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Teva makes US$40.1 billion unsolicited takeover bid for Mylan

Teva Pharmaceutical Industries made an unsolicited offer to buy Mylan for about US$40.1 billion, in the drug industry's largest takeover attempt this year.

[TEL AVIV] Teva Pharmaceutical Industries made an unsolicited offer to buy Mylan for about US$40.1 billion, in the drug industry's largest takeover attempt this year.

Teva, the world's biggest maker of generic medicines, offered US$82 a share in cash and stock, according to a statement. That's about 23 per cent above Mylan's closing price April 16, the day before Bloomberg News reported Teva was considering a bid. Mylan, which says it makes about one of every 11 drugs prescribed to Americans, has said it wants to stay independent and that a combination with Teva would face antitrust hurdles.

The deal would create a generics powerhouse with more than US$27 billion in revenue and re-establish Teva as the unchallenged giant in the industry. The Israeli company has lost market share to Indian manufacturers such as Sun Pharmaceutical Industries Ltd. Chief Executive Officer Erez Vigodman has pledged to look for deals as Teva's best-selling product, a branded treatment for multiple sclerosis called Copaxone, faces potential competition from generics.

"The attraction for Teva is that this deal would immediately allow them to grow and reduce their exposure to the impending drop in Copaxone sales," said Sam Fazeli, an analyst at Bloomberg Intelligence in London. "We still would have to consider the ramifications of antitrust regulation."

A Teva purchase of Mylan faces obstacles. Mylan took the unusual step of publicly rebuking its rival in a statement April 17. Mylan made an unsolicited US$28.9 billion bid this month for Perrigo, which many saw as a trigger for Teva to act before Mylan becomes too big a target.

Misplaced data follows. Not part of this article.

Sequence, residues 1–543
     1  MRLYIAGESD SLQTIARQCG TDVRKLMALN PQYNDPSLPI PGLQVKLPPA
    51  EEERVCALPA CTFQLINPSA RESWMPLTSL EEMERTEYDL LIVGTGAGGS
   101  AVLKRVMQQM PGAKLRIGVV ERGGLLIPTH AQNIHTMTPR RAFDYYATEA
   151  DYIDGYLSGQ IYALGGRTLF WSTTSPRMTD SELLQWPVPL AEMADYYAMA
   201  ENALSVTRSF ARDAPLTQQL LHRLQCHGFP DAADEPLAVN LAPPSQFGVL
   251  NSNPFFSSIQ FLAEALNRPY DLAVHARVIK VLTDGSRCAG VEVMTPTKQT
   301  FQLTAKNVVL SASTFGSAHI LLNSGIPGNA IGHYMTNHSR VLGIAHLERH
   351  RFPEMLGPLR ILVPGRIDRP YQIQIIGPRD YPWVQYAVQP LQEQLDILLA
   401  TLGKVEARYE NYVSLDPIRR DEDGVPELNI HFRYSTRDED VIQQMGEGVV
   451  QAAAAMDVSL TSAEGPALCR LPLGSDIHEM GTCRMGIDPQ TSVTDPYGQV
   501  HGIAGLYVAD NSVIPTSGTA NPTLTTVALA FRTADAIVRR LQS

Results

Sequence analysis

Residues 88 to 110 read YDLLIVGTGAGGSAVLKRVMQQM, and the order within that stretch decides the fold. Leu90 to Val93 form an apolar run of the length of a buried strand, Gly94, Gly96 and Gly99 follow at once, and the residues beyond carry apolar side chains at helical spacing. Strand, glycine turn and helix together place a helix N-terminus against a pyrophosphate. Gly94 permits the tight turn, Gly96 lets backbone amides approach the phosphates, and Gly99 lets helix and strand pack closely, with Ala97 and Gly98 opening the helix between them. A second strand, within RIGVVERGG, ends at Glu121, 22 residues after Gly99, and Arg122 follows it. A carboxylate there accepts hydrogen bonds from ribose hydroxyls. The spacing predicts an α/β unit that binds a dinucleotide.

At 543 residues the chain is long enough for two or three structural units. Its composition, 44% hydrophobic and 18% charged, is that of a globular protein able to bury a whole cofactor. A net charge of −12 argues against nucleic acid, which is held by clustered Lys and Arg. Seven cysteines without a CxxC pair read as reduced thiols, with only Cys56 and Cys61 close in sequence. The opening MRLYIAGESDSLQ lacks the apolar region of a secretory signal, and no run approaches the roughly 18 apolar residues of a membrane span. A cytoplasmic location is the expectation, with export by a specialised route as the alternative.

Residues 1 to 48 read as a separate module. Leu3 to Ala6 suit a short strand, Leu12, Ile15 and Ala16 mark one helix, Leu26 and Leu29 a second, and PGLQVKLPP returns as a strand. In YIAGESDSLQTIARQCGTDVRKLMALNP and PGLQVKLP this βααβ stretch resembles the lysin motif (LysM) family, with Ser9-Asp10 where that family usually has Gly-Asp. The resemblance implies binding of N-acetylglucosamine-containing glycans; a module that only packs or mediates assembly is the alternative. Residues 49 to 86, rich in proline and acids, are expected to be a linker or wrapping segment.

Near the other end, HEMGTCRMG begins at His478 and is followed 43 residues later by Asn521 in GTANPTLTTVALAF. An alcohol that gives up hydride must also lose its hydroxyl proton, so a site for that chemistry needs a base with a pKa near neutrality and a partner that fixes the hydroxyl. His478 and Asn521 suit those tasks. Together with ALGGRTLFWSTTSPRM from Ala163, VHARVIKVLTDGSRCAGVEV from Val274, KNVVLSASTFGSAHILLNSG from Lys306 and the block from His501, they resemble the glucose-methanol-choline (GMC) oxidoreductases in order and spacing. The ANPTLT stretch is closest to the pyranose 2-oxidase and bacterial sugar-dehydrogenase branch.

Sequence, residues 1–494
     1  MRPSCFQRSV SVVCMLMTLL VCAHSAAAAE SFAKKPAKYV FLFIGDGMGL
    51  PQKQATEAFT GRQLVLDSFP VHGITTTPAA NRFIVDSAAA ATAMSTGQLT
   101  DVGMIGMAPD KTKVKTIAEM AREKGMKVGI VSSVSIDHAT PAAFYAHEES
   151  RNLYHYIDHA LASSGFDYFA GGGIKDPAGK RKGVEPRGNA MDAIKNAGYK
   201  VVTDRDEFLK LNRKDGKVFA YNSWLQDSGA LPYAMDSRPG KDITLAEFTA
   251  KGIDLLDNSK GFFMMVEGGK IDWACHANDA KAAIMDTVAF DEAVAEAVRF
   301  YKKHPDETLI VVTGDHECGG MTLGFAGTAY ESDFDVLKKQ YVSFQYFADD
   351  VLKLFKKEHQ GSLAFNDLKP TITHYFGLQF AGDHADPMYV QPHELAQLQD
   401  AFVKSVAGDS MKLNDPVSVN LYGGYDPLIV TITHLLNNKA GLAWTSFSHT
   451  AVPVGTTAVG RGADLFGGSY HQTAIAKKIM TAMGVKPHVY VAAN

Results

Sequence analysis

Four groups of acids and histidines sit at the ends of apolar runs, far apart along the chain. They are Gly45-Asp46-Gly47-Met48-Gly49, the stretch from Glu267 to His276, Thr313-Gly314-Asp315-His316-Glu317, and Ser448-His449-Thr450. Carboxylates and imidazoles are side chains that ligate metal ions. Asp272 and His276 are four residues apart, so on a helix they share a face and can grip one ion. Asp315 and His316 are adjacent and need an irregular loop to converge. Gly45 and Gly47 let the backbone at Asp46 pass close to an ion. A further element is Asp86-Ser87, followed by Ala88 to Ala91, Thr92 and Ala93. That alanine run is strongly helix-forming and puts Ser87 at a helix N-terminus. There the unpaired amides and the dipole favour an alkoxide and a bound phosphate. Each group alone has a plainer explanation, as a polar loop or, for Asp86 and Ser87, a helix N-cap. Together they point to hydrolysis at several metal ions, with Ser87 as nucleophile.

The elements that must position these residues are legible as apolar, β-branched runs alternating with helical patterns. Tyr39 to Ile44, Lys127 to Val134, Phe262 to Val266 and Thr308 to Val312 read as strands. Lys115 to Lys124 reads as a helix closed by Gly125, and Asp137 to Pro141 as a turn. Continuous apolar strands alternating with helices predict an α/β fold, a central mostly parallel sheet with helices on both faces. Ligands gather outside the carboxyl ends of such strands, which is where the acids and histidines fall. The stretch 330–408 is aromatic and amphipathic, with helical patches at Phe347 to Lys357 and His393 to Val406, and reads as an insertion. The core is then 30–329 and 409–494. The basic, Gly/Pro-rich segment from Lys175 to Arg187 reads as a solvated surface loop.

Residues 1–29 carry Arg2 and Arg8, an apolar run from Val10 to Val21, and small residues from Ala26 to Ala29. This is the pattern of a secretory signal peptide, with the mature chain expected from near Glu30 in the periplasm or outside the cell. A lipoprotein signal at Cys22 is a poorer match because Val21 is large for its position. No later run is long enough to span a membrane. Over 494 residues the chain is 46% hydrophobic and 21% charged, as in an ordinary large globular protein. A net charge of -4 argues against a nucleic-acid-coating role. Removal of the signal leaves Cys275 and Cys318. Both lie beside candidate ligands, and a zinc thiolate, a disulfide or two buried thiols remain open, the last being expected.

Perrigo rejected Mylan's proposal Tuesday, saying the offer substantially undervalued the company. That may diminish Mylan's options.

"We firmly believe that a combination of Teva and Mylan is a much more attractive and value-creating alternative for Mylan and its stockholders than Mylan's proposed acquisition of Perrigo," Mr Vigodman wrote in a letter to Mylan Executive Chairman Robert J. Coury. "The combination will better address the evolving needs of patients and healthcare systems around the world."

Mylan jumped 8.9 per cent to US$74.07 at the close in New York. Teva's American depositary receipts climbed 1.4 per cent to US$64.16, while Perrigo fell 2.7 per cent. A purchase price of US$82 a share values Mylan at about US$40.1 billion based on 489.4 million shares outstanding.

A Mylan acquisition would be about four times bigger than any previous Teva purchase. The bid would add to a record period of consolidation in the pharmaceutical industry. For Teva - which sells copies of branded drugs at a discount when their patents expire - a deal would allow it to immediately boost its scale, and give it access to Mylan's global low-cost facilities in countries such as India, Brazil, Hungary and Poland.

Mylan, which is run from Canonsburg, Pennsylvania, acquired non-US operations of Abbott Laboratories this year for US$5.3 billion and in the process moved its tax address to the Netherlands. Teva is unlikely to redomicile given that it receives tax benefits and investment incentives in Israel.